Timothy D. Easley, AP
Senate Majority Leader Mitch McConnell, R-Ky., reacts to a reporters question during a news conference Saturday, Dec. 2, 2017, in Louisville, Ky.

The U.S. Senate is becoming an echo chamber for the majority party. That’s not the type of representative government the Founders envisioned.

They crafted a Constitution through rigorous and difficult debate, setting up a government that carefully balanced tensions among states, local districts and three coequal branches of government. They enthroned representative government and intended the kind of robust argument, amendment and compromise that typified American lawmaking until recent years.

Now, lawmakers, perhaps representing Americans’ attitudes, seem to be retreating to their own corners of the Senate, unwilling to engage.

That needs to change.

Sen. John Kennedy, R-Louisiana, apparently has had enough. Politico.com reported this week that he took umbrage before the start of a two-week recess, noting he has yet to receive a roll call vote on any of his legislative amendments. The Senate has voted on just six amendments all year.

“All I hear is, ‘Well, it’s not done that way,’” he said.

But it ought to be. The U.S. Senate should be one of the greatest deliberating bodies in the world, but it’s currently mired in a bog that allows few conversations, let alone meaningful debate. The idea that whichever party controls the majority ought to ram through whatever it can makes for poor legislation.

Both sides are to blame. Democrats pushed through Obamacare without a single Republican vote. Republicans have done much the same with recent tax cuts and other legislation.

Politico reports the Senate has had only 25 roll call votes on binding amendments more than a year into its current two-year session. Compare that with 154 amendments by this point for the last Congress.

Senate President Mitch McConnell promised more freewheeling debate when Republicans took power in 2015. That lasted a while, but then the Senate became more partisan, with Republicans less concerned about gaining the support of Democrats for key legislation.

Now, McConnell and Senate Minority Leader Chuck Schumer, D-N.Y., can only blame each other for the lack of debate. We’re sure there is plenty of blame to go around. The public, however, is left with little more than a surety that the same will continue regardless of which party controls the Senate.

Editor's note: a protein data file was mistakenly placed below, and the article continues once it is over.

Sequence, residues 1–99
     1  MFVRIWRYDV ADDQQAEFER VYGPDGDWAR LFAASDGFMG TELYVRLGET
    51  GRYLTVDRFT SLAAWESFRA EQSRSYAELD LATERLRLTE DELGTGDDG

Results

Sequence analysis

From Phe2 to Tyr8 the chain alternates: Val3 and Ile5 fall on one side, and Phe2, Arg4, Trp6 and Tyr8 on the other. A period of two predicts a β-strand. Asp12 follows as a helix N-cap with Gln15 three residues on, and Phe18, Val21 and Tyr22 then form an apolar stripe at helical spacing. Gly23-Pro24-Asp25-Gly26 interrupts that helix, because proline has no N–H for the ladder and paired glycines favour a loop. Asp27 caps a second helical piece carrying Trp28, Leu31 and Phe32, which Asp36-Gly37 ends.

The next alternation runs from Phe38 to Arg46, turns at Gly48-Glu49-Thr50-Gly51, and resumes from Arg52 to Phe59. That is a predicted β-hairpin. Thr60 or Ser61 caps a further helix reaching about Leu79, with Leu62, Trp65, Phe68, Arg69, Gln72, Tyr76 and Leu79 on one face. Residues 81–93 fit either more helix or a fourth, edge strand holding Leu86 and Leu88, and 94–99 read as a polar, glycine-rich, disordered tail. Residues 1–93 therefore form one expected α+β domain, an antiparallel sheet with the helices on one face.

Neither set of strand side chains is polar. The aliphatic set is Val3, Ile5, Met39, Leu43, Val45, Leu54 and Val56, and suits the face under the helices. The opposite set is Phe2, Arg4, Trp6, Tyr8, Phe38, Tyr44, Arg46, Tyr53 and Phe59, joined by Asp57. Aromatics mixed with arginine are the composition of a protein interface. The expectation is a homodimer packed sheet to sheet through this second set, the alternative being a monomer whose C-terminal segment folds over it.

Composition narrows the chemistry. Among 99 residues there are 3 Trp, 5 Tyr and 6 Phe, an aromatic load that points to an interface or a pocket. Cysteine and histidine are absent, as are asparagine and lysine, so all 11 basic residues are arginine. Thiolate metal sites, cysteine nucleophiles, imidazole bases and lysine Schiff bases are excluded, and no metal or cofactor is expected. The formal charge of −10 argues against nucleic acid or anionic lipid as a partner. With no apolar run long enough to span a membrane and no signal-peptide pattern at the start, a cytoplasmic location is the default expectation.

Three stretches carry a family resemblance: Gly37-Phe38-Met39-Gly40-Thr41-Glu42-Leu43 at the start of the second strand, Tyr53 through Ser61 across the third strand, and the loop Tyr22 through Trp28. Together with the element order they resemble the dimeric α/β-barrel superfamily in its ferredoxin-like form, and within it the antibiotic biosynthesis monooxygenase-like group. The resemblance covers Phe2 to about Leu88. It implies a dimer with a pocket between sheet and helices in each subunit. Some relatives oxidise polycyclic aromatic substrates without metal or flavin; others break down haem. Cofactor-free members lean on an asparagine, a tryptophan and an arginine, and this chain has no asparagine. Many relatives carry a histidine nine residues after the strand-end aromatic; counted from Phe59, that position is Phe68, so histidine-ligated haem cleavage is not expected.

The Senate has the added responsibility of having to confirm executive branch appointees, including judges and members of the president’s cabinet. This is a time-consuming process, made more so by the president’s recent firings. But it is no excuse.

The Senate ought to be holding freewheeling and difficult debates on immigration reform, hashing out the details of a Deferred Action for Childhood Arrivals, or DACA, bill that each side professes to support. It ought to be debating a federal budget, with all the necessary, honest give-and-take around worries about deficits and a mounting national debt.

Instead, it does little.

Sen. Chris Murphy, D-Conn., told Politico, “There’s a lot of weeks I’m not sure why I show up.”

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And the public may be wondering why it pays the salaries and attendant costs for this.

Sen. McConnell should return to regular order, follow the budget process and open the Senate floor for rigorous debates and real amendment process. Citizens should call and write the majority leader to encourage the Senate function as the Founders designed it, and individual senators should voice their support for regular order. The country should expect more, not less, from what once was and what can become the world’s greatest deliberative body.